Trump Decries FBI Raid on His Lawyer’s Office as ‘an Attack on Our Country’
President Donald Trump derided the FBI raid on his personal lawyer’s office on April 9, calling it a disgrace.
“It’s an attack on our country, in a true sense. It’s an attack on what we all stand for,” Trump said before a security briefing at the White House on April 9.
FBI agents raided the offices and home of Michael Cohen, according to law enforcement officials. Raids on personal attorneys require the highest level of vetting at the Justice Department, according to Frank Montoya, a former senior FBI official.
“No question, a search warrant for a lawyer is an extraordinary act,” he told Reuters. “Factor in that, in this instance, it was the president’s own attorney. Unprecedented.”
“Attorney–client privilege is dead,” Trump wrote on Twitter the next morning. “Total witch hunt!”
Cohen’s lawyer, Stephen M. Ryan, said on April 9 that prosecutors had seized communications between Cohen and his clients based in part on a referral by special counsel Robert Mueller.
The attorney–client privilege Trump referred to is intended to encourage open communication between lawyers and their clients, so that lawyers can provide sound legal advice.
Former Harvard Law School professor Alan Dershowitz criticized the American Civil Liberties Union (ACLU) over its silence on the raid. He called April 9 a “very dangerous day for lawyer–client relations.”
Trump said that his lawyers have handed over more than 1 million pages of documents to Mueller’s team. Dershowitz believes Trump’s team is fully cooperating with Mueller.
“If this were Hillary Clinton [having her lawyer’s office raided], the ACLU would be on every TV station in America jumping up and down,” Dershowitz told Fox News. “The deafening silence of the ACLU and civil libertarians about the intrusion into the lawyer–client confidentiality is really appalling.”
Mueller is investigating alleged collusion between the Trump campaign and Russia, and so far has not produced any indictments supporting the collusion claim. Trump denies all allegations.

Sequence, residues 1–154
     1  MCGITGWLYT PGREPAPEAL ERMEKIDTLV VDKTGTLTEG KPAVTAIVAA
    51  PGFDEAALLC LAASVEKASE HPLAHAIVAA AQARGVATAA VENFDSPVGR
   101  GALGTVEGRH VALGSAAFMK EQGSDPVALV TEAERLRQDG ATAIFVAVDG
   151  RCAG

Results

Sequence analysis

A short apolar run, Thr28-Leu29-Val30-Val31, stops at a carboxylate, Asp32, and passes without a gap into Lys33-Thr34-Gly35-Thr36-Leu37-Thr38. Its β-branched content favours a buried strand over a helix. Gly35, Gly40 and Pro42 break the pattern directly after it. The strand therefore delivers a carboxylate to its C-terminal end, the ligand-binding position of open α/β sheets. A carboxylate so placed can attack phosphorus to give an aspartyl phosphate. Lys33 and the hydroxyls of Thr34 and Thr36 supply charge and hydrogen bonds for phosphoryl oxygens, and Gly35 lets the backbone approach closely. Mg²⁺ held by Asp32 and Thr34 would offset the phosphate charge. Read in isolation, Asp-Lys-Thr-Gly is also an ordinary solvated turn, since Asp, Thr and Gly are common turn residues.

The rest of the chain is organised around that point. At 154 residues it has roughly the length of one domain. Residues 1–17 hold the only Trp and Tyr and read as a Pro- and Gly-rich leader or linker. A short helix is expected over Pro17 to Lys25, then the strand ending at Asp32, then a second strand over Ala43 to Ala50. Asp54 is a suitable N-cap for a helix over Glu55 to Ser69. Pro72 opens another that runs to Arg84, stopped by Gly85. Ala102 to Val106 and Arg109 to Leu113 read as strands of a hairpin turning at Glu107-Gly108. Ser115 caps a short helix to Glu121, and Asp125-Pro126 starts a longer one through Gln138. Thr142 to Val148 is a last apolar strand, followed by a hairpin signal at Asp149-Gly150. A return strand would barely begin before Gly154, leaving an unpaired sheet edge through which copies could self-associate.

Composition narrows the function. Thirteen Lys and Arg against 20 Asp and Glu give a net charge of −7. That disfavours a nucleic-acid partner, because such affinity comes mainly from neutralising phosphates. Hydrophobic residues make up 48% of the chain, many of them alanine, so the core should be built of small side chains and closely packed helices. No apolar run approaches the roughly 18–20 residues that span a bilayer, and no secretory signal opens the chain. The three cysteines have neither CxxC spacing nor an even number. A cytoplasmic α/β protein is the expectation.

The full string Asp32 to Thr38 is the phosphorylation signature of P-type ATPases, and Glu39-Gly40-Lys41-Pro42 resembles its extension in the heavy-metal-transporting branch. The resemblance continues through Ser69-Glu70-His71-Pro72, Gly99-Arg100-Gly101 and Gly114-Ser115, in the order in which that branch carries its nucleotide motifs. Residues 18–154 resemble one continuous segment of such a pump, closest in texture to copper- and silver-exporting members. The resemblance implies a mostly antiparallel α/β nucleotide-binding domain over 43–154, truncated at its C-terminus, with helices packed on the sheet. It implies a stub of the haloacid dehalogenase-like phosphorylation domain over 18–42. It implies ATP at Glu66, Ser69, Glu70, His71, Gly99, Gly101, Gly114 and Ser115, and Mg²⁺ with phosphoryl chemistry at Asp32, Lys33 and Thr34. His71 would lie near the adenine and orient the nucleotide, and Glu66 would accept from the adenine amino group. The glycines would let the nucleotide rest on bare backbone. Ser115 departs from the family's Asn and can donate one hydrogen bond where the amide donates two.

Deputy Attorney General Rod Rosenstein signed off on the raid, The New York Times reported, citing unnamed officials. Rosenstein also signed the controversial warrant application to surveil Trump campaign volunteer Carter Page during the 2016 campaign.
That application with the Foreign Intelligence Surveillance Court (FISA) was based in part on the so-called Trump dossier paid for by the Clinton campaign and the Democratic National Committee (DNC). Former FBI Director James Comey has testified under oath that the contents of the dossier were both “salacious and unverified.” According to an investigation by the House intelligence committee, the FISA court was left in the dark about the fact that unverified opposition material was used in the FISA warrant application.
Mueller is investigating a $150,000 donation made to the Trump foundation in 2015 by a Ukrainian businessman in exchange for a teleconference speech by Trump, The New York Times reported. Cohen made the arrangement.
The same Ukrainian businessman, Viktor Pinchuk, funneled $13 million to the Clinton Foundation starting in 2006 and had access to Clinton while she was the head of the State Department, The Daily Caller reported. In comparison, Trump accepted the donation when he was not yet chosen as the Republican candidate.
“The other side is where there are crimes, and those crimes are obvious,” Trump said, referring to Clinton. “Lies, under oath, all over the place. Emails that are knocked out, that are acid-washed and deleted. Nobody has ever seen—33,000 emails are deleted after getting a subpoena for Congress, and nobody bothers looking at that. And many, many other things.”
Reuters contributed to this report.